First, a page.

How do you think that art and photography can play a role in civic discourse?

SK: Art often helps us see subjects and issues from different perspectives. For Freedoms positions art as a critical tool that brings complexity and nuance into our polarized political arena. The imagery and ideas are the starting point to instigate respectful dialogue and debate.

JD: It is critical that everyone stay vigilant when it comes to photographic messaging. Photography is a powerful language that we “read” all the time without even realizing it. People with different agendas use photography to shape our opinions, encourage us to buy things, and push us to believe a range of facts as well as lies. It is easy to consume the thousands of images we encounter every day without considering who is showing us each image or why. Artists using photography as a civic discourse tool invite us to slow down, look carefully and thoughtfully, and question what messages a single photograph might convey.

 

What questions and conversations do you hope might arise from the installation?

SK: We thought our For Freedoms message could best focus on getting out the vote. A direct and simple message right now during the midterms (typically known for low voter turnout): if we have the right to vote, we need to exercise it. If we can talk about the importance of voting in each election and trying to remove barriers to voting, we can emphasize how critical voting is to making sure multiple voices and perspectives are heard, and that elected officials are held accountable to the people. For democracy to succeed, people need to vote.

JD: One complicated conversation that might come about involves recognizing the different perspectives that people hold concerning artists and museums delving into the political realm. Even the act of encouraging folks to exercise their right to vote can seem partisan to some. How do we respectfully talk about the roles of artists and cultural institutions as message makers and bearers in this time of heightened political sensitivity and awareness?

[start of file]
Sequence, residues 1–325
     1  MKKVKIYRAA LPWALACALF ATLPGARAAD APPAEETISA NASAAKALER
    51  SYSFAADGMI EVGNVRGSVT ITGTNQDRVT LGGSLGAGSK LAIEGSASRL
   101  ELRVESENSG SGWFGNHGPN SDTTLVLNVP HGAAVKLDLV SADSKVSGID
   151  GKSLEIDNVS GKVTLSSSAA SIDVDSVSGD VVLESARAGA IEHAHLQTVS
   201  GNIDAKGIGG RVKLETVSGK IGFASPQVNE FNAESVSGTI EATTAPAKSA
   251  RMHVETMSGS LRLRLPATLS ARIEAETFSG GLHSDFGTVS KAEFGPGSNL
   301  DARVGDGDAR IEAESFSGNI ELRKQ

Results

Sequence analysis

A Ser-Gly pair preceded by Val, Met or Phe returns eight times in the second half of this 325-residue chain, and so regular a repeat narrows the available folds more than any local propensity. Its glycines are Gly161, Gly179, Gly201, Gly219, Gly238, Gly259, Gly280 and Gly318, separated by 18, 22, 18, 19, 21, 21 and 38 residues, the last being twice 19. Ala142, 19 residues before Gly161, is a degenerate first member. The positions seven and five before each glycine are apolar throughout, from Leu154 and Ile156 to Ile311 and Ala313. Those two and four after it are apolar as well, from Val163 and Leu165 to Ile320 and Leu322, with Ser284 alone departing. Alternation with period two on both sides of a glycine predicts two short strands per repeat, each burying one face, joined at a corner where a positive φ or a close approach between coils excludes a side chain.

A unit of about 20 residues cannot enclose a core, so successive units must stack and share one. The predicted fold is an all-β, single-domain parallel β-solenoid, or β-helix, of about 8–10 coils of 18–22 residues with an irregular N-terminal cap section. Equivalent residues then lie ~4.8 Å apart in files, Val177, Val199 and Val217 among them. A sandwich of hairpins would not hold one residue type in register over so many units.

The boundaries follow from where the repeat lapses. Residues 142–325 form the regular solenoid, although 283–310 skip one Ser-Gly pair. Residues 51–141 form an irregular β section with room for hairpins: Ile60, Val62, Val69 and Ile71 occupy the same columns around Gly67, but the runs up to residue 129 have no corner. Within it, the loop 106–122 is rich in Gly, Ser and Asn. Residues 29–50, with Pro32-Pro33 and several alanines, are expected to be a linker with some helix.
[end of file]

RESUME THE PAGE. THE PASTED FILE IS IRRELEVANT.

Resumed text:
How does the project relate to the upcoming exhibition Hank Willis Thomas: All Things Being Equal…?

SK: Hank is an artist who works in multiple mediums, including collaborative projects. The For Freedoms partnership this fall gives the public a sense of his deeply human-centered approach, grounded in respecting each individual’s voice and seeing each person as a whole being, not a stereotype or an “other.” In his solo work and his collaborations, Hank asks us to reframe our perceptions of race, politics, history, and popular culture so that we can better understand and combat the systems that dehumanize us.

JD: As Sara mentions, Hank believes in working with communities and collaborating through the art and ideas he develops side by side with artists, historians, and community activists. He finds meaning in multiple perspectives and wants to improve ties within personal, local, regional, and global communities through open, truthful conversation and action that moves folks forward in positive ways. For Freedoms is a great primer for our 2019 exhibition, which will explore Hank’s collaborative strategies in depth.

Carrie Mae Weems’s participation in the For Freedoms 50 State Initiative was supported by The John and Mable Ringling Museum of Art, Sarasota, Florida, State Art Museum of Florida, Florida State University.